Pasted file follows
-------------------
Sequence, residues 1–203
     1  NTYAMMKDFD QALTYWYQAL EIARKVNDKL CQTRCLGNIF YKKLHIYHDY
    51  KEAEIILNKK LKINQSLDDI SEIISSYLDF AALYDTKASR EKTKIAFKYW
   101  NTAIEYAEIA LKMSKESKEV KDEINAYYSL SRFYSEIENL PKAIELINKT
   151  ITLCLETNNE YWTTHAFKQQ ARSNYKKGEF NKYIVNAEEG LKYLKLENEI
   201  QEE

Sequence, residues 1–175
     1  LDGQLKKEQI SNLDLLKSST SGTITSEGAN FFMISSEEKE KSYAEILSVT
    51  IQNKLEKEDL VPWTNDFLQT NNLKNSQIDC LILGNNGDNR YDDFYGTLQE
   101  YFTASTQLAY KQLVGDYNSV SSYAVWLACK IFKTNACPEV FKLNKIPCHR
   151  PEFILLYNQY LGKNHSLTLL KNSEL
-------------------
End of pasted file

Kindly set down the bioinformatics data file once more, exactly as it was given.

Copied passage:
Sequence, residues 1–203
     1  NTYAMMKDFD QALTYWYQAL EIARKVNDKL CQTRCLGNIF YKKLHIYHDY
    51  KEAEIILNKK LKINQSLDDI SEIISSYLDF AALYDTKASR EKTKIAFKYW
   101  NTAIEYAEIA LKMSKESKEV KDEINAYYSL SRFYSEIENL PKAIELINKT
   151  ITLCLETNNE YWTTHAFKQQ ARSNYKKGEF NKYIVNAEEG LKYLKLENEI
   201  QEE

Sequence, residues 1–175
     1  LDGQLKKEQI SNLDLLKSST SGTITSEGAN FFMISSEEKE KSYAEILSVT
    51  IQNKLEKEDL VPWTNDFLQT NNLKNSQIDC LILGNNGDNR YDDFYGTLQE
   101  YFTASTQLAY KQLVGDYNSV SSYAVWLACK IFKTNACPEV FKLNKIPCHR
   151  PEFILLYNQY LGKNHSLTLL KNSEL